AVSI, in partnership with UNHCR, manages three reception centers in Boa Vista and helps more than 1,500 people every day. People who arrive at the centers are exhausted, and feel hopeless. They need everything: food, clothes, healthcare and, above all, they need to feel there’s a possibility for a future in their new home.
Renato Da Silva Junior harbours ambitions of becoming a lawyer. There is just one obstacle: he is a quarter of the way through serving a 20-year jail sentence for murder.
“My dreams are bigger than my mistakes,” says Da Silva, a slightly built man with a broad smile. “I am doing everything to get out of here as soon as I can.”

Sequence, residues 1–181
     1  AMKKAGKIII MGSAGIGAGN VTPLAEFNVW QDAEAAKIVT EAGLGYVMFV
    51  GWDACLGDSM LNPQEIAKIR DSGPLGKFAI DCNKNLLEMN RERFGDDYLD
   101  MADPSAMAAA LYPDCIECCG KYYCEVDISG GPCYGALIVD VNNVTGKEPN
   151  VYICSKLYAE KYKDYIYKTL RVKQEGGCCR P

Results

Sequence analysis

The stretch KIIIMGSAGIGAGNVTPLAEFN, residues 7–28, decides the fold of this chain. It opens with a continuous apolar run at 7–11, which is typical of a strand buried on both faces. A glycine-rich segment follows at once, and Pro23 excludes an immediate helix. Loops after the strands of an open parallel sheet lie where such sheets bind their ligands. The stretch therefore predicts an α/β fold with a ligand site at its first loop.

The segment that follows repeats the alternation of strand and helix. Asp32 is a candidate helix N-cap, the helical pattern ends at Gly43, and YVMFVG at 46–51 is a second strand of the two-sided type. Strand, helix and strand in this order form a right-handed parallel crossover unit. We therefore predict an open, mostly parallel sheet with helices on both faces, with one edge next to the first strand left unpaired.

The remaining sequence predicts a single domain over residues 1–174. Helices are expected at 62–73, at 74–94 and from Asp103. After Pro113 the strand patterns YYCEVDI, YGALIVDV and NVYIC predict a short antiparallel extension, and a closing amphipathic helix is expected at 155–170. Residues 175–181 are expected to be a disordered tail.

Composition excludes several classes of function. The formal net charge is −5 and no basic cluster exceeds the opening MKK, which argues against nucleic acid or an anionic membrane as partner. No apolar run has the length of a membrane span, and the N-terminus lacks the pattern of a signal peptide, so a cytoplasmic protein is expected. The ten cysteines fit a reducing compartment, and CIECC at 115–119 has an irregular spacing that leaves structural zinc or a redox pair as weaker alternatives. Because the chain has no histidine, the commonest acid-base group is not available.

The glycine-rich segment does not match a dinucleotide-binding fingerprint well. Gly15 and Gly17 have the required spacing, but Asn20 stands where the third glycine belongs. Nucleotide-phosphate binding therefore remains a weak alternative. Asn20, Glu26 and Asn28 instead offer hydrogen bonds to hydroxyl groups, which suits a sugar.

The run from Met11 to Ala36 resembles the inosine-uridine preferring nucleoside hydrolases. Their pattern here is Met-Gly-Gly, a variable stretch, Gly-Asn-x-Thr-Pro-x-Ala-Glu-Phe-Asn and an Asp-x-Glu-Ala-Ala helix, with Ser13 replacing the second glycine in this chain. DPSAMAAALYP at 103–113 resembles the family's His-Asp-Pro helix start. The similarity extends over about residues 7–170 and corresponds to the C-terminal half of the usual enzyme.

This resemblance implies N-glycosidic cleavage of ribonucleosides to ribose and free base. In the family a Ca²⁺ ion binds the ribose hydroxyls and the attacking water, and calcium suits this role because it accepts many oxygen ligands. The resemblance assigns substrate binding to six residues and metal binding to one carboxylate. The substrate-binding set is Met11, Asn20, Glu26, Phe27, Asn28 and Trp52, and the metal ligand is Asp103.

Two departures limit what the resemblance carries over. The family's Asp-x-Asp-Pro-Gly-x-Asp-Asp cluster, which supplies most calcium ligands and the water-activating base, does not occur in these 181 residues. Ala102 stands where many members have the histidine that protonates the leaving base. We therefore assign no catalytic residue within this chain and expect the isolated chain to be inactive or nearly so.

Da Silva, 28, an inmate at the men’s prison in Itaúna, a town in Minas Gerais, south-east Brazil, is chipping away at his sentence and has already reduced it by two years through work and study at the Association for Protection and Assistance to Convicts (Apac) prison. Here, inmates wear their own clothes, prepare their own food and are even in charge of security. At an Apac jail, there are no guards or weapons, and inmates literally hold the keys.
With “Overcoming Borders”, AVSI wants to give prisoners a more dignified life. Financed by the European Union, the project was created to strengthen the experience of the Association for the Protection and Assistance of Convicted Persons (APAC) in the state of Minas Gerais, and to expend the method to five states in Brazil: Ceará, Espírito Santo, Maranhão, Paraná and Rondônia.